Posted on / Updated on / in Blog & Human Resources /

I have been fascinated by the story of the 33 Chilean miners trapped in an underground cavern for the past month with a possible four months ahead of them until rescue. Their resilience, endurance, and attitudes are a commendable accolade to the human spirit. However I can’t help but think – how would my team of colleagues react if faced with a similar crisis?  Or better yet, how would the majority of corporate America react?

We usually don’t use this blog as an opportunity to rant or get on a soapbox, but the contrast of these miners in this terrible crisis compared to the behavior of most employees and managers during petty conflicts has got me thinking.

An Organization Arises Out of Necessity

One of the things that is so impressive to me is that the miners have created their own hierarchy and organization within the cavern.  Leaders have come into play by necessity, and these leaders weren’t necessarily managers prior to this tragedy.  In a time of crisis these people have called on hidden talents that they might have never had a chance to develop, and they have put them to use to survive.

Luis Urzua was a shift leader prior to the accident, and he is leading the group of men in tactical and logistical requirements – helping to map the path to the rescue hole and organizing shifts to get the debris moved in order to assist the rescue.  His men are continuing to look to him, and he is stepping up to the responsibility.

Mario Gomez, the oldest of the miners at 62, has become the spiritual and moral leader of the group, acting as liaison to psychologists on the surface and preparing a subterranean chapel for the miners who are calling on their faith during this period.  His qualifications?  A lifetime of survival in the mining industry through perilous circumstances that have taught him what is – and is not – important in a crisis.

Yonny Barrios has become the groups medical advisor, working closely with doctors on the surface to track blood pressure, heart rate and temperature, as well as dispersing the medication sent down by physicians.  His qualifications?  A six month nursing course he took fifteen years ago.

What Can Your Team Learn From This?

While a few of the men are suffering from severe anxiety (who can blame them?) the rest are rallying around them and are expressing full faith that they will survive this. Wouldn’t it be nice if your team showed that kind of support for a struggling co-worker?

Doesn’t this make you more than a little ashamed when you realize how your employees (managers included) react when they are faced with minor setbacks in the workplace?  Sure, survival is not an issue when disagreements happen at work, but if anyone had cause to whine and gripe and complain, it’s these miners.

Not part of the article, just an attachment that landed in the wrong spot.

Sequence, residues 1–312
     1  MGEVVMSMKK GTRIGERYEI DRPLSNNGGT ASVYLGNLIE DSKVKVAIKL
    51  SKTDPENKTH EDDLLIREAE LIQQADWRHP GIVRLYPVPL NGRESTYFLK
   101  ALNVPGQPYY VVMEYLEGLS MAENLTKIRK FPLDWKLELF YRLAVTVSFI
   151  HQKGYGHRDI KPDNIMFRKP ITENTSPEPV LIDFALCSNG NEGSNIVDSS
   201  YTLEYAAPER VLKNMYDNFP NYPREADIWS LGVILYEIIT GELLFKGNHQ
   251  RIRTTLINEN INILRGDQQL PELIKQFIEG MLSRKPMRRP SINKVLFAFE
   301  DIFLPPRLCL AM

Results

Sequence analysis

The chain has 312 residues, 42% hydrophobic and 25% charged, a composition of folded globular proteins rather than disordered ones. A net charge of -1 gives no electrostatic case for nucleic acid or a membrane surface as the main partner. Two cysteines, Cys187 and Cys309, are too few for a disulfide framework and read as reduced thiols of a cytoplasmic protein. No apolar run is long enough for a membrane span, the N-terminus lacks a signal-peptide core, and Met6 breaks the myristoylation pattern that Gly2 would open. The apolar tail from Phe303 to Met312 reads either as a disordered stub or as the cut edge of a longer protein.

It’s too soon to know for certain how this will play out and what will prevail, but my bets are on this team of men who are banding together and putting aside personal differences and workplace problems in order to ensure one another’s survival.

Maybe it’s time to ask of your team – what would we do?  Would we have too many leaders?  Would we have stubborn managers who would not submit to the more relative experience or better judgement of one of their staff?  Would we expect someone else to take full responsibility for our rescue and complain that we were unable to go on working ten hour shifts to move thousands of pounds of rocks to ensure our own survival?

Too many employees now won’t even get up out of their chair to discuss an issue with a colleague personally, relying instead on emails or texts that can easily be misinterpreted and lead to bigger problems.

I don’t know.  I truly believe in the American spirit and believe as well that if faced with a crisis of this proportion, most of us would rise to the occasion.

But why should it only be in a life or death situation? Shouldn’t we also be willing to work together to solve petty conflicts and crises in the workplace?  Couldn’t we save a whole lot of time and money if we eliminated all of the petty office games? Too many employees and managers can’t even spend two hours in a boardroom together without leaving feeling as if they’ve been in a heated debate.

The Main Takeaway

Perhaps it’s time to remind your company to count their blessings, to work together to be a true team, and to look out for one another for a change.

So the next time your team starts arguing about whose job it is to make more coffee, just remember, as we have seen in recent weeks with these Chilean miners… things could be a lot worse.

Work with each other, not against each other.

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about the author: Amy Letke

Amy Newbanks Letke, SPHR, GPHR, is the Founder of Integrity HR, Inc. Amy provides workplace solutions to improve performance, reduce liability and increase profits. She is passionate about helping other entrepreneurs and business owners achieve success.